Words On Birds by Steve Grinley
Breeding Birds Taking Advantage of Good Weather
July 22, 2017
By Steve Grinley
The weekend’s astronomical high tides should end the month-long scourge of the dreaded greenhead flies along our marshes and beaches. Those birders who have braved the swarms have been rewarded with flocks of shorebirds, egrets and herons. A black tern was spotted over the pans on Plum Island this past week. Several least bitterns are showing well in the North Pool, viewable from the dike behind hellcat to the delight of many birders.
Backyard reports include second, and sometimes third broods of many species. There were several reports of bluebirds on a third nest. Even some species that normally have only one brood were either delayed, or the first nesting failed during our cold and wet early spring, have nested again. Other birds are just capitalizing on the good weather that we are now enjoying to raise another brood.
When we first started working on our new house in Essex back in late May, the song of a house wren echoed from a neighbor’s yard. Then later in June, we didn’t hear it so much and then, eventually, not at all. But just in the past week, the song comes bubbling from the neighbor’s yard again. I hadn’t considered a second nesting, but that could be what is going on.
Doug Chickering of Groveland points out some drama involving house wrens in his yard:
“Over the years we have placed two Wren houses in Lois’ back yard. The older of the two is along the fence at the right side of the yard and is clearly visible from the large windows in the living room and dining area. The other one, more recent is set back against the tree line at the back of the yard. It is visible in the winter but once the Red-bud tree and Lilac bushes leaf out it disappears into the greenery. We always manage to coax a Wren family to set up in one of the houses.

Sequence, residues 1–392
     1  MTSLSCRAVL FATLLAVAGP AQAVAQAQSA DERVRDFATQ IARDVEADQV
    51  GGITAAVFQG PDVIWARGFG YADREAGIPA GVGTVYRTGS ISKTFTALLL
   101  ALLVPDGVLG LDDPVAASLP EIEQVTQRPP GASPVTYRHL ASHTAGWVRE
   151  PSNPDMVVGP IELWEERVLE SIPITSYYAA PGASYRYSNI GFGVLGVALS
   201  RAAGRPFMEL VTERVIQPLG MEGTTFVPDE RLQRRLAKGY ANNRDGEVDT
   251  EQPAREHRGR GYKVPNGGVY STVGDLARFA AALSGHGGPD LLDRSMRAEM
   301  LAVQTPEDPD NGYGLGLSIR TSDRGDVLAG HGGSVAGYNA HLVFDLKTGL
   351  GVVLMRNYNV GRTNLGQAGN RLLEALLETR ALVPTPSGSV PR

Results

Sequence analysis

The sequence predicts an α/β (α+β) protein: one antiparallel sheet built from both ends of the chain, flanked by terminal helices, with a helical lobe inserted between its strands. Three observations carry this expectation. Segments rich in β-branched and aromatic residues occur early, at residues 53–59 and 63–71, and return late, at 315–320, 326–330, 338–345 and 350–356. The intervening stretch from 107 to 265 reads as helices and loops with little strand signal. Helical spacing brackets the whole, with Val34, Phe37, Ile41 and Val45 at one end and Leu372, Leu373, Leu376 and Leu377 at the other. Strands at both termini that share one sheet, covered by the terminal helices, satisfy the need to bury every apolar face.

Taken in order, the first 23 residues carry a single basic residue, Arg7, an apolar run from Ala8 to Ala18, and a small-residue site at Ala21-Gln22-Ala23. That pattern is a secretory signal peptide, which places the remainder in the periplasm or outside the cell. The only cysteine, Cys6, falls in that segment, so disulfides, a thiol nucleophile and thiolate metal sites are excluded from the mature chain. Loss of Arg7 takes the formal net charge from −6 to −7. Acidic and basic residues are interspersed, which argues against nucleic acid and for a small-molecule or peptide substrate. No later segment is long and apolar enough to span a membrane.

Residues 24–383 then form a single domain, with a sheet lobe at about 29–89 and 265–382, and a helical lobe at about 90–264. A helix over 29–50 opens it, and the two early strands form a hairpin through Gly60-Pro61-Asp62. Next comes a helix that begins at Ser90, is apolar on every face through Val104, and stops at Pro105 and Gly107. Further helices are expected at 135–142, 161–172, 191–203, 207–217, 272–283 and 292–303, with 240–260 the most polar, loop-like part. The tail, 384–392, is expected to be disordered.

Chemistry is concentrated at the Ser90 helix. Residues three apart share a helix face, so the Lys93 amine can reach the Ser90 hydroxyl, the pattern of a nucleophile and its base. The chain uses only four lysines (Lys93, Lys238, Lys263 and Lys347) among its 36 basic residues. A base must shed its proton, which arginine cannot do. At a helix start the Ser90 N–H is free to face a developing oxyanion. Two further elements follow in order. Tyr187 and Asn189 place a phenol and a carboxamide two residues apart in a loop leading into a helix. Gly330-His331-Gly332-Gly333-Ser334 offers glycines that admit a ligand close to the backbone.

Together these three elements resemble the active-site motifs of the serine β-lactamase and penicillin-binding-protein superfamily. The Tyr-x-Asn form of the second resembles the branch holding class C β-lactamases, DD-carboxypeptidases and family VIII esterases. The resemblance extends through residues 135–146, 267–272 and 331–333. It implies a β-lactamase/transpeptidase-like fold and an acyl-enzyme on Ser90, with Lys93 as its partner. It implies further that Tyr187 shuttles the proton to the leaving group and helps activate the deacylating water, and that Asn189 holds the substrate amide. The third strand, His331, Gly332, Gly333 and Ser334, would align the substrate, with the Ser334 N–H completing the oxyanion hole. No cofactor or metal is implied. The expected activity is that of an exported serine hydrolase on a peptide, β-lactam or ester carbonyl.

“This year they chose the one at the back of the yard, even though they carried nesting material to both. I checked that box occasionally and carefully – carefully for I didn’t want to impose upon our guests. I am reasonably certain they successfully fledged from that house. Recently the male House Wren has been patrolling the high trees in the yard, belting out his long song with determination and enthusiasm, as he did in May. It seemed reasonable to suppose he was going for a second brood.
“The last few days he has broken off his song and has started to go to the nesting box on the fence. Occasionally we have seen two of them putting nesting material into that box. I also noticed one of the Wrens has been accompanied by a fledgling Wren. As he/she toils away at construction, the youngster sits on the roof of the house and begs for food, fluttering his wings and opening his bill, which is still bright yellow in the interior.
“The adult completely ignores the insistent entreaties of the fledgling as it carries twigs and bits of other nesting material to the new home. The fledgling never gives up and the adult never gives in. I cannot be sure if I am witnessing an appalling case of child neglect or the weaning of a particularly lazy offspring. I have never seen this type of behavior before. “
Charlie Patterson of Norwell commented on Doug’s observations:
“I suspect you are right on the “child neglect” issue. This year we are up to our armpits in House Wrens. I have three active houses and at least two of those are on their second brood as noted by vigorous mating behavior and nesting material seeking. We have fledglings all over the place.
“I noticed that the ones trying to start a second brood are basically ignoring the fledglings. The third is still feeding them and I think (all wrens kinda look alike) that they are feeding the abandoned chicks too. There is wren song everywhere!”
I hope that you are enjoying the continued bird song in your yard, and that you have a chance to get out and enjoy the migration as well!
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